If you’re pursuing a social work or counseling degree and want to know the differences between these two fields, this guide will help eliminate any confusion and highlight the best pathways for your career.
Social work and counseling are often placed in a similar group when it comes to niche or specialized work. However, both have unique requirements and certifications to become licensed. No matter which career path you choose, it’s essential to recognize the crucial differences between these two fields to understand which is best for you.
Choosing Between Counseling and Social Work
While there are many similarities between counseling and social work, several factors like education, coursework, licensing, and patient populations cause these two career paths to diverge. Below is an overlook of the similarities and distinctions between social work vs. counseling.
For aspiring social workers, you can expect to study and earn a Bachelors of Social Work (BSW) for entry-level social work positions. Those favoring more concentrated or unsupervised roles can opt for a Masters (MSW), which will allow them more expertise and seniority.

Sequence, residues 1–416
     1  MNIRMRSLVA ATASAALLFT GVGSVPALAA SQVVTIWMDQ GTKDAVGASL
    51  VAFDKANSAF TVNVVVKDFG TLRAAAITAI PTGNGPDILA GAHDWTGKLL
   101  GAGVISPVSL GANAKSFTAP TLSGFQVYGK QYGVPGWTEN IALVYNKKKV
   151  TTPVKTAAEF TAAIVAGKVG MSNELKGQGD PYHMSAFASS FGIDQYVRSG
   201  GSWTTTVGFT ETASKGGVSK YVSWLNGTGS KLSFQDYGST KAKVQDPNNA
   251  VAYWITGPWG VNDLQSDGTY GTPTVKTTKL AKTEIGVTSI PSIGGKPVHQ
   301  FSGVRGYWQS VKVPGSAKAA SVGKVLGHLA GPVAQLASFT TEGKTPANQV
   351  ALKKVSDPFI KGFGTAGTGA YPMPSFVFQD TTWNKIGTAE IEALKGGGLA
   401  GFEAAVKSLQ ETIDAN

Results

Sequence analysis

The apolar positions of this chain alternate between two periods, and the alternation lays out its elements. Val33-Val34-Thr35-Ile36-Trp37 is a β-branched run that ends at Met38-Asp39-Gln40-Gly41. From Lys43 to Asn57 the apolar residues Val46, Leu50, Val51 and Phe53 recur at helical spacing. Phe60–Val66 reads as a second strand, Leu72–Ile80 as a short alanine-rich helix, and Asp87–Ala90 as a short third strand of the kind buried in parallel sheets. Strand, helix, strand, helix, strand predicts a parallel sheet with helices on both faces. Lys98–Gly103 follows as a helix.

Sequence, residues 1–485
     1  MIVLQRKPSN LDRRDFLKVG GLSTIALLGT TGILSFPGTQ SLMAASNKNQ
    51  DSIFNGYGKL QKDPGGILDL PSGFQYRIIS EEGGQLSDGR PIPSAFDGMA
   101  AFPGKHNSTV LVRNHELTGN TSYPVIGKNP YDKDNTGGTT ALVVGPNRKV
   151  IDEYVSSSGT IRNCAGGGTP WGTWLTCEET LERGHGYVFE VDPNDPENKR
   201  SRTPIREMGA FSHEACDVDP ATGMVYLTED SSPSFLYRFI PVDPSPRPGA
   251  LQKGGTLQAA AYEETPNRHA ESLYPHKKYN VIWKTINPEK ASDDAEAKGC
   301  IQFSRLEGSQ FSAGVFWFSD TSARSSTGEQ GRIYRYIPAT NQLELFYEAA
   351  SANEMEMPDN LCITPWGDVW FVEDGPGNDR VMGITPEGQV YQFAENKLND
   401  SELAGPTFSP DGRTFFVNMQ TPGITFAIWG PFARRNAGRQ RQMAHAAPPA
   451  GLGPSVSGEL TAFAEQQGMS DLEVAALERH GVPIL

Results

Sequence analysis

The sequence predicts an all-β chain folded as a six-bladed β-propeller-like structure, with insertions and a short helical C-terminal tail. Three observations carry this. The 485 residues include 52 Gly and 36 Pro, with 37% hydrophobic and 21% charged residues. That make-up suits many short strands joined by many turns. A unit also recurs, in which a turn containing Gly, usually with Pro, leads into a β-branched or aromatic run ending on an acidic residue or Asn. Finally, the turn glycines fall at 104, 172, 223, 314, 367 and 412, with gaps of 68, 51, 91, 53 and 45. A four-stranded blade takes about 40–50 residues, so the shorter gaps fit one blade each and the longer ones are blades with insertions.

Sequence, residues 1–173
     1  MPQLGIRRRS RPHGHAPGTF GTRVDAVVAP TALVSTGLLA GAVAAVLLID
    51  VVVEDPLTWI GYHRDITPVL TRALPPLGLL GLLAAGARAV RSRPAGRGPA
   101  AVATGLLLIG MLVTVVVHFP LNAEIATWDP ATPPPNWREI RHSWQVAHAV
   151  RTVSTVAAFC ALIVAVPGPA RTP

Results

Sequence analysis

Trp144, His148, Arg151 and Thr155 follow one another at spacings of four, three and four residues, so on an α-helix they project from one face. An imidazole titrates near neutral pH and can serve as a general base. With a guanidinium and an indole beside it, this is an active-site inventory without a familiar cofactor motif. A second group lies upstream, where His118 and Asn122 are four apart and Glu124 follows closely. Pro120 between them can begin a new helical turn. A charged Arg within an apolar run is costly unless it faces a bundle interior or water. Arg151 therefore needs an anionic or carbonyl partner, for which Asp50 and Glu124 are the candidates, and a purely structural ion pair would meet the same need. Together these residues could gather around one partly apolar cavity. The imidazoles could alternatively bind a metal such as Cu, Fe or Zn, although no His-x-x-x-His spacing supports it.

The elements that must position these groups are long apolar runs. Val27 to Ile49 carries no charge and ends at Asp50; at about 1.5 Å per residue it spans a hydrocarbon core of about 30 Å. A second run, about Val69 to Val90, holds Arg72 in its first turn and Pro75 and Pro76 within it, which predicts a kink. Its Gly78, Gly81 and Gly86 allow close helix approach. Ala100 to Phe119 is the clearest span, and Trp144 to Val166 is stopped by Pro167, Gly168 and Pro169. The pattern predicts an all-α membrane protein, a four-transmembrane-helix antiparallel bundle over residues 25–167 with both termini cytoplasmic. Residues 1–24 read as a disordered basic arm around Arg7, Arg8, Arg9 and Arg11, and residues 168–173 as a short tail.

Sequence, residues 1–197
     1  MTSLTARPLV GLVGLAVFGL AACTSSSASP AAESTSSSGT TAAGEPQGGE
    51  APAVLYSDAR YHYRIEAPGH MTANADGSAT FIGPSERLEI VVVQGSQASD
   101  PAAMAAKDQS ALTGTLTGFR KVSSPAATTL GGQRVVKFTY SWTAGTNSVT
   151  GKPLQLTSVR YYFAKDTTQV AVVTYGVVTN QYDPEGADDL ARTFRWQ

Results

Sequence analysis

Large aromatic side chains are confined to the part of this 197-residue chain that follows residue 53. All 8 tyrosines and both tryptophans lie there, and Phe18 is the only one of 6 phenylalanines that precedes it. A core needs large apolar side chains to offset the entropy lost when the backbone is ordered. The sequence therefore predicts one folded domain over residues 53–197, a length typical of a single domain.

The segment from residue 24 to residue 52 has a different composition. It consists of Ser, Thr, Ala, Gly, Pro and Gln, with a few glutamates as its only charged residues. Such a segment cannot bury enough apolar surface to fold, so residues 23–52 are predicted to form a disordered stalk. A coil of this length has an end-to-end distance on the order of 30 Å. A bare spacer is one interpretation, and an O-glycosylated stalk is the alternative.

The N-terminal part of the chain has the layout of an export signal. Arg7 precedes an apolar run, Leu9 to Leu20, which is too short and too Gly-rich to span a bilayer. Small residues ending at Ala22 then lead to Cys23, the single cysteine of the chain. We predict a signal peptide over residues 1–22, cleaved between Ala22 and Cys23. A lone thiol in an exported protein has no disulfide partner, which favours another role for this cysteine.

A clinical license can also be obtained in MSW programs, allowing graduates to enter higher-level positions. Additionally, social workers’ typical coursework involves classes on human development and core topics surrounding the niche.
Those seeking a counseling degree can opt for a Master’s in Counseling and pursue a license in the field. Counseling differs from social work because counseling degrees are often composed of classes and logged hours within the field.